Norges Bank

Bicentenary project, Working Paper

Financing Japan’s World War II occupation of Southeast Asia

Author:
Gregg Huff and Shinobu Majima
Series:
Working Paper
Number:
2/2013

Abstract
This paper analyzes how Japan financed its World War II occupation of Southeast Asia, the transfer of resources to Japan, and the monetary and inflation consequences of Japanese policies. In Malaya, Burma, Indonesia and the Philippines, the issue of military scrip to pay for resources and occupying armies greatly increased money supply. Despite high inflation, hyperinflation hardly occurred because of a sustained transactions demand for money, because of Japan's strong enforcement of monetary monopoly, and because of declining Japanese military capability to ship resources home. In Thailand and Indochina, occupation costs and bilateral clearing arrangements created near open-ended Japanese purchasing power and allowed the transfer to Japan of as much as a third of Indochina's annual GDP. Although the Thai and Indochinese governments financed Japanese demands mainly by printing large quantities of money, inflation rose only in line with monetary expansion due to money's continued use as a store of value in rice-surplus areas.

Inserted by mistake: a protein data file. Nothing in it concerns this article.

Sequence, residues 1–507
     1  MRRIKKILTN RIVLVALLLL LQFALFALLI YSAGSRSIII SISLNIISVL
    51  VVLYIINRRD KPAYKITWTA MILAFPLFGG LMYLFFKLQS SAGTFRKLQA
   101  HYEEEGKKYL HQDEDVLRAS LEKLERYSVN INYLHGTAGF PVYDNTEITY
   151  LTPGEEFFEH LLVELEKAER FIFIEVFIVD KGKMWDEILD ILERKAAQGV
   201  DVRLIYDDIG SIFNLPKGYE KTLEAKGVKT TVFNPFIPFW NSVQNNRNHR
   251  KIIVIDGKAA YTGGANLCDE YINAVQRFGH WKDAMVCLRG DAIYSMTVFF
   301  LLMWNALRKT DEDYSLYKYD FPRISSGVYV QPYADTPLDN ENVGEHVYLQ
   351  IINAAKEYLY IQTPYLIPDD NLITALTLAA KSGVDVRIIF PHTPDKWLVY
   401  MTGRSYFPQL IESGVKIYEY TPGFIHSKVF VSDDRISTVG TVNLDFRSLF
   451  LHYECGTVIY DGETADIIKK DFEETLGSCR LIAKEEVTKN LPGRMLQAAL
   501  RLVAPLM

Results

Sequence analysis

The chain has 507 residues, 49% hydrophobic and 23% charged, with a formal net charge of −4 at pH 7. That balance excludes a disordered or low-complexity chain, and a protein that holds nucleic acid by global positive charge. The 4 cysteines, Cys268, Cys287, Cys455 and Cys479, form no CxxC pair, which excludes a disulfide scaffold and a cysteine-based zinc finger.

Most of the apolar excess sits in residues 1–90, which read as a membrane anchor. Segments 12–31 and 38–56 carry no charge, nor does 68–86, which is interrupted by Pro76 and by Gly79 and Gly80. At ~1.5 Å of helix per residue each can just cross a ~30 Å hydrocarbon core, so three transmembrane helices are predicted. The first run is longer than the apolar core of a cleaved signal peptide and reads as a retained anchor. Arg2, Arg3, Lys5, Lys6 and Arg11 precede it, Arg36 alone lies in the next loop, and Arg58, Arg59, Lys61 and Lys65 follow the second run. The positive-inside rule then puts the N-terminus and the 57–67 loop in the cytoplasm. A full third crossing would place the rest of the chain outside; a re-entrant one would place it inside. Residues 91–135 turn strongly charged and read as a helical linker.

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ISSN 1502-8190 (online)

Published 16 January 2013 10:30
Published 16 January 2013 10:30